Cant You Build And Share Playlist On Free Spotify

My friend (and 9 Clouds’ resident tech wizard), Allen Day, has taught me a lot about getting the most out of the Internet.

Recently, I asked him about some lesser-known Spotify features. Here are some things Allen said you should definitely be aware of while you listen.


My Top 8 Spotify Hacks (by Allen Day)

1. Collaborative Playlists

Playlists are a great way to save collections of music, either for your own listening or to share. To create one: Tap Your Library. Give your playlist a name. Start adding songs (and we’ll help you. Share the playlists you create with your fans on social, email, etc. Ask them to follow your playlists, and ask for their suggestions for songs or artists you can add to your playlists in the future. The more followers your playlist has, the more likely it will be served up in a search on Spotify. I have a Facebook-connected premium Spotify account that I am letting my boyfriend use on his device. Since we can't both use it at the same time, I started another premium account just for my use. This second account is not connected to a FB account, since my first one already is. I'd like to share.

I started using Spotify for shared playlists while getting to know my now-wife. We later used one for our wedding.

Collaborative playlists are a great way to mark an occasion. At 9 Clouds, when Catherine was concerned she listened to too much Maroon 5, the team rallied together and built her a playlist.

How to Do It

Want to collaborate on a playlist?

Just right-click on the playlist, and choose Collaborative Playlist. Then, share it with your future collaborators.

Check out the playlist we made for this blog post »

2. Organizing Your Playlists with Folders

If you’ve been using Spotify for a while, you’ve probably accumulated quite a few playlists.

Did you know you can organize them into folders?

I didn’t, either . . . until I grabbed my wife’s phone to change up the music on a road trip and saw how organized her lists were compared to my mess.

Mind. Blown.

You can make as many folders as you want to organize your playlists so they make sense for you. Break them down by theme or genre — make a collection of playlists for the gym, driving, you name it.

How to Do It

Just right-click on a playlist, and select Create Folder. Once you’ve created your folders, you can drag playlists into them.

Note: You cannot create or organize folders on your phone; you’ll have to use the desktop app. Once they’re set up, though, you can still see and use them on your phone.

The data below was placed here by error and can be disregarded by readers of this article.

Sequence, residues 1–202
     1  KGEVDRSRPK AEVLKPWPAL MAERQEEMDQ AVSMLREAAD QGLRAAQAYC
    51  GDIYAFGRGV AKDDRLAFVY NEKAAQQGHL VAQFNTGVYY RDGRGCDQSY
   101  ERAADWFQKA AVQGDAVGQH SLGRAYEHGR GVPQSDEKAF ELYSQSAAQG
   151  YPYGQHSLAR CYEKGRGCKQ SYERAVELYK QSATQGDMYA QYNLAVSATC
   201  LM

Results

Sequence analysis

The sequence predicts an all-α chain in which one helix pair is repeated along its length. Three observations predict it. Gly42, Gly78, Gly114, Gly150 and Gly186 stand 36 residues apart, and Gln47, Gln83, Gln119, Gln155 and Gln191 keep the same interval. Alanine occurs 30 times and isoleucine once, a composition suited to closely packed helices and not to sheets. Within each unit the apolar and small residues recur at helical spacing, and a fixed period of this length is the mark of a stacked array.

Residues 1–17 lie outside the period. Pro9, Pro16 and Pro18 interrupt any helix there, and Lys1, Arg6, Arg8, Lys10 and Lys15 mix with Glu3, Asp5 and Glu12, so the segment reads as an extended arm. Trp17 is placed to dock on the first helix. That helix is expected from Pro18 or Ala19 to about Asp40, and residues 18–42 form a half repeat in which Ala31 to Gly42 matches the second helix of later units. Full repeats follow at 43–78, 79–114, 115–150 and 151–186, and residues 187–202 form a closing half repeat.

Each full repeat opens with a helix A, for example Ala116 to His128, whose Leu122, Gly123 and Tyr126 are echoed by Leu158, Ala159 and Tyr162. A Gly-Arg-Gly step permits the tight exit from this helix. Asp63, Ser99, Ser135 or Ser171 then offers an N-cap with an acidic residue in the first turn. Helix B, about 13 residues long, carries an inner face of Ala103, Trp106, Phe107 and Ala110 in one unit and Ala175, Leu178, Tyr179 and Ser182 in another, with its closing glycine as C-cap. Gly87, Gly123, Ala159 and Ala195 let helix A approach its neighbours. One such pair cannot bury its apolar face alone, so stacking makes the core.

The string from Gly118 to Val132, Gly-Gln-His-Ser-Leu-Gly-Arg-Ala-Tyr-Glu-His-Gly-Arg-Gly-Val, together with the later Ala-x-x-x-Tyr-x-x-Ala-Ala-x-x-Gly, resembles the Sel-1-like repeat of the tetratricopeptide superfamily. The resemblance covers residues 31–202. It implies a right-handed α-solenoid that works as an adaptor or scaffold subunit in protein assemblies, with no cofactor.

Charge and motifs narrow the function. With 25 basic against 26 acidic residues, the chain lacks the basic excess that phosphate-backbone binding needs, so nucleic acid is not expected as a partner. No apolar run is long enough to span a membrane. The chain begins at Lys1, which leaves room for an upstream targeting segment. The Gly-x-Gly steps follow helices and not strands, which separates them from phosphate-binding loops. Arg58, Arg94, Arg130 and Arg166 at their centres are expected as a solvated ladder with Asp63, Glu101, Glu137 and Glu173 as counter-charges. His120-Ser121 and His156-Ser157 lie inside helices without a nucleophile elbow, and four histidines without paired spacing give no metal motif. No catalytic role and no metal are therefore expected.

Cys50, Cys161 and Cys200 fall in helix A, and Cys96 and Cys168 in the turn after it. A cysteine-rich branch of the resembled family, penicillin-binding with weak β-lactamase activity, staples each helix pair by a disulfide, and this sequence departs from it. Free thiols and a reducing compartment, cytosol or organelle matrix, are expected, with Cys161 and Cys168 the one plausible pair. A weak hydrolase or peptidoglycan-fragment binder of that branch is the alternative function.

3. Customizing Playlists with Your Own Album Art

You’ve put a lot of listening time into your favorite playlists.

Whether you want to keep them private or share them with the world, those playlists deserve to look great and stand out in your Spotify app.

The ability to update cover art and playlist descriptions used to be limited to featured partners, but now it’s available for all playlists — public or private.

Can You Share Playlists On Spotify Free

How to Do It

Open your playlist in the desktop app. Click on the cover art to upload your own photo, or click on the description to write a new one.

Check out 9 Clouds’ car song playlist »

4. “Daily Mix” Playlists

Not sure what to listen to? Check out your “Daily Mix” playlists.

“Daily Mix” is a series of playlists with nearly endless playback that combines your favorite tracks with new songs Spotify thinks you’ll love — minus the effort that goes into creating the perfect listening session.

Spotify creates up to six playlists for you based on your own listening history. Each playlist is differentiated by a unique color and generally spans a single genre or theme.

When you’re playing one of your daily mixes, a couple new icons will appear in your player. You can ❤️ your favorite songs to add them to your Liked Songs.

5. Yearly Reflection: “Your 2019 Wrapped”

Each year, Spotify marks the holidays with a recap of what you listened to that year. For 2019, Spotify has released “Your 2019 Wrapped.”

Sign in to see your most-listened-to songs, albums, and artists in 2019.

Here at 9 Clouds, we love to compare stories and screenshots of our own “Years Wrapped.” Here’s mine from way back in 2017 (I listened to a lot of Alphaville — but in my defense, they released a new album for the first time in years, and I got to see them in concert after a 20-year wait):

6. Podcasts

The podcast industry has never been bigger. Podcasts have gone mainstream . . . which means Spotify is not just a music player anymore.

For years, I’ve tried recommending podcasts to friends and acquaintances. Too often, the response is that the podcast sounds interesting, but they don’t know how to use podcasts.